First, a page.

Is the College Board Going Down?

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I recently had a couple of parents ask me about the College Board, the company that owns and operates the SAT, SAT II Subject Tests, and even Advanced Placement tests. Specifically, these parents wanted to know if the College Board is “going down,” and if the SAT will no longer be necessary.

Now, while that may seem like an extreme question, those parents aren’t actually coming totally out of left field.

Concern first started when the College Board redesigned its famous college entrance exam, the SAT, in January of 2016. There weren’t many practice tests to use to prep (only four, though since then, the suite of official practice tests has only expanded to 8 real practice tests for student use). Because the test was so different and solid preparation was suddenly harder to come by, everyone started rushing to the ACT. In fact, many test prep professionals encouraged all their students to ONLY take the ACT that year, listing a host of “reasons”…at the root of which was that the test prep professionals themselves didn’t feel as comfortable with the new test (shhh).

The second concern has been that as the years have gone on, more and more schools are choosing to be “test optional” or “test flexible,” meaning that they’re choosing not to require the SAT or ACT, but might let you apply and be admitted with a portfolio of stellar essays, transcripts, activities, and examples of past school assignments. (That’s cool—if your transcripts, essays, activities, and sample assignments really are stellar. Otherwise? Yeah, you’re going to need standardized test scores.) Or they might instead give you the option of taking the SAT or the ACT or 3 different SAT 2 Subject Tests. (Awesome, but you’re still taking tests of SOME variety!)


Then in June 2018, the SAT had the hardest curve in 14 years of the test on the math section, and it threw out 2 questions each in Reading and Writing, lowering the number of questions by which the verbal curve was divided…and a lot of scores, too. Despite public outcry, in the end, the College Board said they would NOT throw out this test.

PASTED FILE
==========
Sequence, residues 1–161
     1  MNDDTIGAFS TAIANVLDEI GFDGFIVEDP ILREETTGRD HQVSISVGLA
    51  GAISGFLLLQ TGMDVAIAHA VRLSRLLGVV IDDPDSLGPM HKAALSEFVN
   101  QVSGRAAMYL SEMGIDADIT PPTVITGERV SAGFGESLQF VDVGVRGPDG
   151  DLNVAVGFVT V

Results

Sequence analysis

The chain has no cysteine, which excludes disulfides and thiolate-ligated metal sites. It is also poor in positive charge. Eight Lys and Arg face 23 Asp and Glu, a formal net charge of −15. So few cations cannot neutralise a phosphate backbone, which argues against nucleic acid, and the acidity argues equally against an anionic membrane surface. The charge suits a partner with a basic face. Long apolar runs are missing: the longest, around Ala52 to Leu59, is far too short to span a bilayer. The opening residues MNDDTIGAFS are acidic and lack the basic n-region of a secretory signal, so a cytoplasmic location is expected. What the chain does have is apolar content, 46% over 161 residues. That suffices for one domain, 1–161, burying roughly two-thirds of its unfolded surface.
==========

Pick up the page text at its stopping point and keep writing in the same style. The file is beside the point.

Finally, the August SAT, which many rising seniors prepped for especially intensely because of the June problems, was mired in controversy: since the test had apparently been a previously-released international SAT (in China), some students had potentially seen it before, thereby giving them an unfair advantage. Again, the College Board refused to throw out this test. A class action lawsuit has been filed.

So, the questions I’ve been asked is: if the College Board “keeps making these mistakes,” won’t it go out of business, and won’t the SAT just be “done away” with?

And I’m here to tell you firmly: NO.

One simple reason is that the College Board is too big to fail. The organization has been around for 118 years, started the SAT in 1926 (92 years ago), and has grown symbiotically with the development of the contemporary college process in America and internationally. It’s also an educational Goliath, reaping over $840 million in yearly revenue. Its only real competition (as far as college admissions go) is the ACT. This company is not going to just “go away” because of a few mistakes. They have too much to lose, and they are too deeply embedded in American college admissions, which is a huge, loosely interconnected, dense system to which change comes very slowly.

Instead, like any huge empire, the College Board is adapting to the times and the circumstances.

Past test leaked in China over the internet? They’ll make sure to only reproduce sections of previous tests, not entire ones.

June test was “too easy”? They’ll tack on “experimental sections” to tests, thereby vetting questions and testing for true difficulty level before putting those questions on future tests.


“There’s no true need for the SAT anymore”? Um…really? In order to truly succeed at the “test optional” thing, you have to have an AMAZING transcript and work product that FAR SURPASSES how well you did or didn’t do on the SAT. In other words, if you scored poorly on the SAT and also on your grades, going test optional isn’t giving you a leg up. If you’re a fantastic, thoughtful student who has severe issues with standardized testing…like, everything in your application is SUPERB and your test scores are the only thing keeping you down…THEN consider test optional schools. But most colleges still do require SOME metric to measure their applicants against, so while the tide seems to be changing, we haven’t wiped out just yet.

All of this is to say, while parents (and students) may be concerned about these recent bouts of turbulence with the College Board and the SAT, for better or for worse, they are very much still a part of the college process. There’s simply no realistic reason or pragmatic possibility that imminent change is at hand. It’s certainly wise to keep an eye on the changing winds of standardized testing and college admissions (a good expert tutor will do that for you, so let me know if you need help navigating this tricky process with a strategy that keeps you sane).

That said, the bottom line of my expert advice in this case: breathe, choose the test that best shows off your strengths, and prepare for it to the best of your ability. Because believe me, it’s still going to be there to take (and it’s still going to matter to colleges and for your application package) when the time comes.